Several readers wrote asking about speed and productivity when it comes to vacuuming, sweeping, damp mopping and even automated equipment.  


Response:  When one thinks of productivity they need to take into account the various aspects in their interpretation of this concept.  Productivity incorporates both efficiency (how long it takes to perform a task) and effectiveness (how thoroughly is the task performed).  An upright vacuum cleaner can be cheap to purchase but expensive to own when compared to other systems over a one to five year period.  


An upright unit can function as a mini pile lifter in pulling up the nap of certain types of carpet.  To get the most benefit from an upright system, the operator should vacuum slowly giving the unit sufficient time to not only brush the carpet pile but also suck up as much embedded soil, grit, etc. from each pass.  Going at a predetermined pace can allow the unit time to do a better job.  Going too fast will result in embedded soils slowing grinding away at the carpet fibers.  Going too slow can result in burning/abrading the carpet resulting in a worn, frayed appearance.  Caution:  Never allow the unit to stand upright for any extended period of time since, irreparable damage can be done by the rotating brush melting fibers.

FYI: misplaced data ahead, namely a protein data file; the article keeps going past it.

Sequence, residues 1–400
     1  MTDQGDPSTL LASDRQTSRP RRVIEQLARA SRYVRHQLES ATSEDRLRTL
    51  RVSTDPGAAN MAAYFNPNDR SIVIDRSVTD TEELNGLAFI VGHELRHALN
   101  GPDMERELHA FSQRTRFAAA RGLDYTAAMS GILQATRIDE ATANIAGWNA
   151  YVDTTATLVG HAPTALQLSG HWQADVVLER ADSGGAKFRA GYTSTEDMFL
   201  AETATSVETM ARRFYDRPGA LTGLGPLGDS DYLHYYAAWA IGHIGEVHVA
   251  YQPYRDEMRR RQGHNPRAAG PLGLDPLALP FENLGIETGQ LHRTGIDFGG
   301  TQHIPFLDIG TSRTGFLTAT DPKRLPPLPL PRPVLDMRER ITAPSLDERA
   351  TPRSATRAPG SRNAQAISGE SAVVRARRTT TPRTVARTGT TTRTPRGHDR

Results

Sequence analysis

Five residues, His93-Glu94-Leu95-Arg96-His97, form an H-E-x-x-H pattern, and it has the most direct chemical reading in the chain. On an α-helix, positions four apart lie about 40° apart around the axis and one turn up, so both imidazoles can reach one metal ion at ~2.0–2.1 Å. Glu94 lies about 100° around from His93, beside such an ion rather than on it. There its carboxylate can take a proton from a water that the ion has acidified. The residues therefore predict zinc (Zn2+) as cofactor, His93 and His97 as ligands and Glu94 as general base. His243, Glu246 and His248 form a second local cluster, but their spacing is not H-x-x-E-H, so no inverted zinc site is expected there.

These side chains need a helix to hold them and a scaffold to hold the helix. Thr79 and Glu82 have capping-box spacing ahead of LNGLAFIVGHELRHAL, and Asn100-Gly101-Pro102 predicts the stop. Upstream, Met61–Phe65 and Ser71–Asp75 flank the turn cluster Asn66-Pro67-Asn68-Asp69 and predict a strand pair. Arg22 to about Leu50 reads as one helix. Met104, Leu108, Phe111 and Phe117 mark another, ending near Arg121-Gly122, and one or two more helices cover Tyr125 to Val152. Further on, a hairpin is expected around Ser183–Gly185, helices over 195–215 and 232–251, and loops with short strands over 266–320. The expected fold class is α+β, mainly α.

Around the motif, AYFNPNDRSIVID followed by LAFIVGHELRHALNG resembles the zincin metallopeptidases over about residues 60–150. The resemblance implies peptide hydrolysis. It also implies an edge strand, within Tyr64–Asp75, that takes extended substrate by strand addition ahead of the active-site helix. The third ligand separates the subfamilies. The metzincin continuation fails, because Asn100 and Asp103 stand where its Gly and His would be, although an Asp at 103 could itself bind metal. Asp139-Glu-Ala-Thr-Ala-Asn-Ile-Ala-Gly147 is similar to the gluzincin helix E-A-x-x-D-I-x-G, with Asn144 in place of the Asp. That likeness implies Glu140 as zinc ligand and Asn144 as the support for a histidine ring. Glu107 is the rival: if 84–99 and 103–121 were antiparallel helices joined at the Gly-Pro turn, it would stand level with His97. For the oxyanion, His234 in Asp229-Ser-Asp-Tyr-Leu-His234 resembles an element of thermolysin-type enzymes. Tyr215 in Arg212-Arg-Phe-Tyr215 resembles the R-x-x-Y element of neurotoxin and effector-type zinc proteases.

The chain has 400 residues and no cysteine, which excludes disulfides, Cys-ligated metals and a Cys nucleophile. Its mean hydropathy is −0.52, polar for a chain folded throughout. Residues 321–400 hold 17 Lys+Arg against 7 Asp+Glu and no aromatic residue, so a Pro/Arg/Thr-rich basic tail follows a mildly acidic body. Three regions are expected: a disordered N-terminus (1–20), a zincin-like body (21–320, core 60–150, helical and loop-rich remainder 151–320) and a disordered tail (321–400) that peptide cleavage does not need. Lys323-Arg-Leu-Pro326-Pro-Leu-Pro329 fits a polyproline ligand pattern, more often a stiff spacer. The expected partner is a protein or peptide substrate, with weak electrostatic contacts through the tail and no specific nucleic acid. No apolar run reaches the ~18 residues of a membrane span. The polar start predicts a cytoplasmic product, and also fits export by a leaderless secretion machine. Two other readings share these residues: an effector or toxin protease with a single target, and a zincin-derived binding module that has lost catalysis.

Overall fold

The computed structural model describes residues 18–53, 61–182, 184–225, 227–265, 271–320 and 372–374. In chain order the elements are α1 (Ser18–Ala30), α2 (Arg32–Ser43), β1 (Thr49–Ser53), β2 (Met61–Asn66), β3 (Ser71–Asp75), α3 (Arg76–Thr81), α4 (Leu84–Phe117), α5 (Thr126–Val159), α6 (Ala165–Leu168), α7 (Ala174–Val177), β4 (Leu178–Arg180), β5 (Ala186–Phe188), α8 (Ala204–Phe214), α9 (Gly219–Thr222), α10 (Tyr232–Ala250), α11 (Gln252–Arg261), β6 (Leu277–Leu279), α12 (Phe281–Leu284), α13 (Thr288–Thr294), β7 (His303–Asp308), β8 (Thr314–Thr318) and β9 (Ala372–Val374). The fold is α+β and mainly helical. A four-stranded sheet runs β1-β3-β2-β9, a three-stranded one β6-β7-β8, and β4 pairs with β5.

Inefficiencies I have noted over the years include rather low vacuuming speed (1,500 SF/Hour), hassle with keeping belts swapped out, dumping cloth bags (use a paper liner if possible), damaged or lost bottom plate covers, belts put on incorrectly (resulting in very poor pick up or pile lifting) and potential injury from pushing the unit back and forth for an extended period of time.


Is there a time and place for uprights and the answer is yes.  We will touch on the issue in a future article.


Your comments and questions are important. I hope to hear from you soon. Until then, keep it clean…


Mickey Crowe has been involved in the industry for over 35 years. He is a trainer, speaker and consultant. You can reach Mickey at 678-314-2171 or